Tonawanda News — There comes a time in the life of every parent that you’ll face the prospect of taking your children somewhere said offspring would not, normally, go.
A time when you just have to take a deep breath and hope you’ve done enough work on the young hooligans — I mean, ladies and/or gentlemen — that they’ll acquit themselves as well as an be expected, and not do things like burp at the table, trip the guests of honor or loudly exclaim at an inopportune moment, “HEY! I gotta use the potty!”
This time came to the Keppeler family a few weeks ago. My boys were the only two children invited by my only brother and his bride to their wedding, an event which was to be a lovely, classy affair at a gorgeous resort out of state. In fact, the younger of the two was asked to be ring-bearer.
I was flattered. I was honored. I was thoroughly looking forward to the event, and very happy for the couple. And, yet, I couldn’t escape one further emotion:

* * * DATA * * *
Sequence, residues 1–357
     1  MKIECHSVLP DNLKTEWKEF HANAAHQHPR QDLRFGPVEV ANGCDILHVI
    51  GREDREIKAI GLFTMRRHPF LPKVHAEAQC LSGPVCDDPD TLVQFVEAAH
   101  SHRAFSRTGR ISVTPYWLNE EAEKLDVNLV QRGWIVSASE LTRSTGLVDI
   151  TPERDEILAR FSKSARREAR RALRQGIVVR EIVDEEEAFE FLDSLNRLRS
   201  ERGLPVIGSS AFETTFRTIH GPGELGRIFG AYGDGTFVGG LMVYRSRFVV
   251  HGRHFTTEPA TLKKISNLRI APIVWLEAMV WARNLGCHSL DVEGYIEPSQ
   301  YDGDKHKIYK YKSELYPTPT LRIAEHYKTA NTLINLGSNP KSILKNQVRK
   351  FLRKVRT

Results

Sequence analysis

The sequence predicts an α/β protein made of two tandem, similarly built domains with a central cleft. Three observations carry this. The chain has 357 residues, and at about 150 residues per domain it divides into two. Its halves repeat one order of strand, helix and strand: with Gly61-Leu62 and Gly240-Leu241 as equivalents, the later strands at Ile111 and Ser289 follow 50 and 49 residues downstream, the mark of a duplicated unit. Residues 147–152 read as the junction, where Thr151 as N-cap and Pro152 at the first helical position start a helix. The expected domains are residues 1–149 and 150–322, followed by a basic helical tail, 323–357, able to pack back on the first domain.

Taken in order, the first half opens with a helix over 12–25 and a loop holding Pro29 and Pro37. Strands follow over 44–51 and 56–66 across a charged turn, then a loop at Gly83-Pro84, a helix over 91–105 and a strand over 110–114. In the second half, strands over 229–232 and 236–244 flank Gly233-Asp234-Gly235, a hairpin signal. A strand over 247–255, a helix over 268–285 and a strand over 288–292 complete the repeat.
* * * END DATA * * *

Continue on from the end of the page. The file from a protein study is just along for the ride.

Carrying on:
Pure, unreasoning terror.
When you’re a parent, this is pressure. You are now responsible for two of the biggest possible wildcards at the wedding — two little boys, the only two little boys present. It’s like having grenades in your pockets at the ceremony, if grenades can be bribed not to go off by the singular temptation of wedding cake.
So many questions go through your head. Have you impressed the seriousness of the occasion on them? Reminded the suddenly fond-of-potty-humor preschooler what’s appropriate and what’s not? Thoroughly convinced the 8-year-old prone to giggle fits that the middle of the ceremony is NOT a good time?
And the ring-bearer thing. Where do I begin? I started with one very simple concept, which Sam repeated dutifully every time someone asked him if he knew what to do in his role: “You walk. You don’t run.”